It's almost been a month since Hamas militants began an all-out war against Israel in a massive surprise attack on the morning of October 7. The world was shocked by the magnitude of the casualties—hundreds were killed. In Nepal, it was a moment of national mourning as 10 Nepali students visiting Israel on an "earn and learn" program were murdered. An 11th student, Bipin Joshi, went missing. After all these weeks, there are hints that Joshi is alive and in Hamas captivity. The Israeli government claims Joshi has been held hostage by Hamas militants. Joshi, the office of the Israeli prime minister said, is among 122 foreign nationals held captive by Hamas, although they failed to tell where he is being kept.
The news from Israel is a thin thread of hope for Joshi's family and the millions of Nepalis who wish to see him return home safe and sound. However, as Israel's counter-attack continues to kill Palestinians and flatten Gaza, the road to freedom for Joshi is not easy. In fact, that will entail sustained diplomatic lobbying from the Nepal Government. Considering how quickly the government was rallying behind Israel in the immediate aftermath of the October 7 attack, one got the impression that Nepal had burned bridges with Palestine. However, Nepal made its position in support of Palestinian lives clear when it later voted in favor of a ceasefire in Gaza on humanitarian grounds.
An immediate ceasefire is now a faraway fantasy because the majority of Western countries have stood by Israel while Palestine faces the biggest humanitarian crisis in its history. The Western nations have been demanding, in hushed tones, the release of their compatriots in their desire for a collective punishment of Palestinians. Nonetheless, for humanitarian reasons, a nation such as Nepal, which has no stake in the Israel-Palestine dispute, is perfectly entitled to demand the unconditional release of its nationals. In order to guarantee the student's prompt release, the Nepali government must, therefore, utilize all available diplomatic channels. This will be a test of Nepal's ability and dexterity in international diplomacy.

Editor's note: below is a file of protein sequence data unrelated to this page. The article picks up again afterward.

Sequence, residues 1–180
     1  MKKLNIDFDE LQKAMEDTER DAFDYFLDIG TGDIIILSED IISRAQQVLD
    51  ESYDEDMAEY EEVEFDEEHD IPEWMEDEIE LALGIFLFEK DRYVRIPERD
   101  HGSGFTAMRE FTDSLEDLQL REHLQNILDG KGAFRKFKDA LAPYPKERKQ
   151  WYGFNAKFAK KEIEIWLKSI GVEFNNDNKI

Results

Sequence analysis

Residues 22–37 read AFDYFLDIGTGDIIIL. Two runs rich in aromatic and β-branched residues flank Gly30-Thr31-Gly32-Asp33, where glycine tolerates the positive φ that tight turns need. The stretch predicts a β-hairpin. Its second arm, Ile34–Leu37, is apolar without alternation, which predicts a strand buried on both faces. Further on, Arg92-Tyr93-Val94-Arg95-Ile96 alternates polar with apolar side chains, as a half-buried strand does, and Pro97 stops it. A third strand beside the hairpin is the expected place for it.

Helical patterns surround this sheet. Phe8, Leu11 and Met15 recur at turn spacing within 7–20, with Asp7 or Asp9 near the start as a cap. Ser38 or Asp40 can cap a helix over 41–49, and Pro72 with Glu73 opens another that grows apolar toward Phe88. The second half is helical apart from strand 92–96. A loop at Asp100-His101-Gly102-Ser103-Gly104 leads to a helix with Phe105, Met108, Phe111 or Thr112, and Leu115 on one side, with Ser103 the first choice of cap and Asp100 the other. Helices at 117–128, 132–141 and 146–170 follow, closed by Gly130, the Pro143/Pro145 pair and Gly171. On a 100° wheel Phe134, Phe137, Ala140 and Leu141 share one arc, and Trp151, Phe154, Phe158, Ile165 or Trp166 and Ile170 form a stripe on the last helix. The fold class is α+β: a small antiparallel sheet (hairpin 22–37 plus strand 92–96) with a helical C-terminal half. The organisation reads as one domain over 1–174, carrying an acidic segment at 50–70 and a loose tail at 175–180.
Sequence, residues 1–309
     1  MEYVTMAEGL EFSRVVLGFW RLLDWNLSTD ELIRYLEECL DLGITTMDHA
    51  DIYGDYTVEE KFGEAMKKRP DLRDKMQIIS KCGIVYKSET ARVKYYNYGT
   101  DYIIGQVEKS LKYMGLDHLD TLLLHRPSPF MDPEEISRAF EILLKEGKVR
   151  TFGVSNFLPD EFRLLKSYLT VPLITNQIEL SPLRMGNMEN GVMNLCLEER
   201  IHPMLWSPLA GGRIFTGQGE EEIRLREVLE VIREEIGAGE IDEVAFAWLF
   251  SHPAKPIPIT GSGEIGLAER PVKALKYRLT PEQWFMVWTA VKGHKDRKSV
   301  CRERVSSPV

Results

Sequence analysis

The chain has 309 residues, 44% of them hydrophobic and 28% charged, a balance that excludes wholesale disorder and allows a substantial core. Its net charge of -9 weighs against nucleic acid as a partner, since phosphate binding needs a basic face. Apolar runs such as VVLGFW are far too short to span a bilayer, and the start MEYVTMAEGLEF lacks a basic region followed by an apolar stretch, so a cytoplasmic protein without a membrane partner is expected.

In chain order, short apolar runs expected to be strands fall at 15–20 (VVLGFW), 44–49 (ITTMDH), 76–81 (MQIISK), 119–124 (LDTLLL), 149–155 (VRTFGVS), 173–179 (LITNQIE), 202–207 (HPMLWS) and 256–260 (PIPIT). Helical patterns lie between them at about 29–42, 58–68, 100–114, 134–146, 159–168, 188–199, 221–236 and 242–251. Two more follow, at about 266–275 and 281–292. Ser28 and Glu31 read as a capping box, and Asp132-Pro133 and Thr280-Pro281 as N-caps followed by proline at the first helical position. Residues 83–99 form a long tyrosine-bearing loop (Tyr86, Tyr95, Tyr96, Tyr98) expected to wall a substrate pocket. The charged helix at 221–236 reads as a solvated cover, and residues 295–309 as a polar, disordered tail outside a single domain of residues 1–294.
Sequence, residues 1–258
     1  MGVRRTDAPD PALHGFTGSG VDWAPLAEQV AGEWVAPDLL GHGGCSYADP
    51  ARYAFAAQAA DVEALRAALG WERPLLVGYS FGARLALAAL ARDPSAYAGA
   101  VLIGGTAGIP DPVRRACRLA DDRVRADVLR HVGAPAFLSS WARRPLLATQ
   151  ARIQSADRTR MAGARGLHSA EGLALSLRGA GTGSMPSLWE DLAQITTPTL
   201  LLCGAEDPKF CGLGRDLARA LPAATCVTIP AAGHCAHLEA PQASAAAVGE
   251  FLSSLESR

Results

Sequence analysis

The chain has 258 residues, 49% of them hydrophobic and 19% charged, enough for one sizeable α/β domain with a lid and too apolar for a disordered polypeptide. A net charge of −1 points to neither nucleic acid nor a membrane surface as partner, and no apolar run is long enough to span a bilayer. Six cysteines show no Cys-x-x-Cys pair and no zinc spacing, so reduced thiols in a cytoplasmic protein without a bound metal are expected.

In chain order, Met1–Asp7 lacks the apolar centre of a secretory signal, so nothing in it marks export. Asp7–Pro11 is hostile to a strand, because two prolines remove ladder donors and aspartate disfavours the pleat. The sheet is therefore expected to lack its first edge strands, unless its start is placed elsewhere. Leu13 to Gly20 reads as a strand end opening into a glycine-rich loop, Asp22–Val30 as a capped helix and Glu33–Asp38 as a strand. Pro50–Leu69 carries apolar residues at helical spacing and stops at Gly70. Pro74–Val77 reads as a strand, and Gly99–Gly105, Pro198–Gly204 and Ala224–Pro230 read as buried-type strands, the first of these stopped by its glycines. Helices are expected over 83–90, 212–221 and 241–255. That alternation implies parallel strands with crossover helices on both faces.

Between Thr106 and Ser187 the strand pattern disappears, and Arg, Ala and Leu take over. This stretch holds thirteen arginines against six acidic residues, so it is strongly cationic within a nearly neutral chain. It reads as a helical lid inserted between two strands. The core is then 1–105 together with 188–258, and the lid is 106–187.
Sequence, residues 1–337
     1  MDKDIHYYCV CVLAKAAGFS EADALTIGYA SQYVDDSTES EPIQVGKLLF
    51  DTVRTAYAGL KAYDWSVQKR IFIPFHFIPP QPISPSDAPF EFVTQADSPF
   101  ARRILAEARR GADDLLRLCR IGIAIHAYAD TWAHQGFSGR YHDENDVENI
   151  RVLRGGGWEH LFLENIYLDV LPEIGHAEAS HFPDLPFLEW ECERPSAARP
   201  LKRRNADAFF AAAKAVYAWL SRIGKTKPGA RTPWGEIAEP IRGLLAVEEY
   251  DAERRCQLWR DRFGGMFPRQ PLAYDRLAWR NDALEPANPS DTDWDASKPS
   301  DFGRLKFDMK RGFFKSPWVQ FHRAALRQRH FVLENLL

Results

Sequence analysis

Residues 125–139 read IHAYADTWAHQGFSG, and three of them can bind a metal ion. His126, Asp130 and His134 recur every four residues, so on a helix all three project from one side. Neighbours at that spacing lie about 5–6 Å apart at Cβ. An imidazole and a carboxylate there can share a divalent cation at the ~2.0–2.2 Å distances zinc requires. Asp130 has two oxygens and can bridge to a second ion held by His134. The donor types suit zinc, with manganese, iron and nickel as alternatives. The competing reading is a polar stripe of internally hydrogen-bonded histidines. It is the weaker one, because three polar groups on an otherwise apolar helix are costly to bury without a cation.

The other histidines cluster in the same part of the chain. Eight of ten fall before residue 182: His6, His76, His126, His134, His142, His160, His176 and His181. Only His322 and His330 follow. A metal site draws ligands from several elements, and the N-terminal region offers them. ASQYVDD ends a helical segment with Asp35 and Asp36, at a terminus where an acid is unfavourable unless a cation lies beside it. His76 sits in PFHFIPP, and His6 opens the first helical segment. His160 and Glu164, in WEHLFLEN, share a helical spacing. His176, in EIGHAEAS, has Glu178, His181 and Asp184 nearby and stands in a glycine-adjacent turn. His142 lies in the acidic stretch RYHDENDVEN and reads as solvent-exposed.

Since there is currently little to be accomplished through Western diplomatic channels, Nepal could look to nations with strong clout in Palestine, such as Qatar. The country in the Gulf is in the best position to assist in Joshi's release because it is spearheading talks for a ceasefire between Israel and Hamas. Given the close diplomatic and economic relations between Nepal and Qatar, it would be smart for the friendly country to ask for assistance in releasing one of its nationals. After all, Qatar has a moral obligation to support Nepal when it needs it most if its economy is based on the blood, sweat, and tears of Nepalis.
Joshi's trials and tribulations in Hamas's apparent captivity, though, go beyond a national concern. A total of 122 foreign nationals, in addition to 118 civilians remain in Hamas's captivity. UN Secretary-General António Guterres, during his Nepal visit this week, expressed his concern for Joshi's safety, just as he has been calling for a ceasefire in Gaza and the return of the hostages. Countries across the world, especially those that are blindly backing Israel's attacks on Palestinian civilians, should come together for an immediate ceasefire and escalation of humanitarian assistance in Gaza. That will help return Joshi and the 240 captives home faster. But Nepal also cannot completely rely on other countries to come to the rescue of one of its own. Moreover, if Nepal can somehow secure Joshi's release, it will be a huge diplomatic victory for the country and the Dahal government—a much-needed one at that, hot on the heels of the humiliation it faced in the election for the WHO regional director.
On Sunday, there was a protest in Mahendranagar calling for the immediate return of Bipin Joshi from Bhimdatta Municipality-3 in Kanchanpur. A memorandum was also delivered to the Minister of Foreign Affairs via the Chief District Officer of Kanchanpur, with the involvement of young people and students from the area.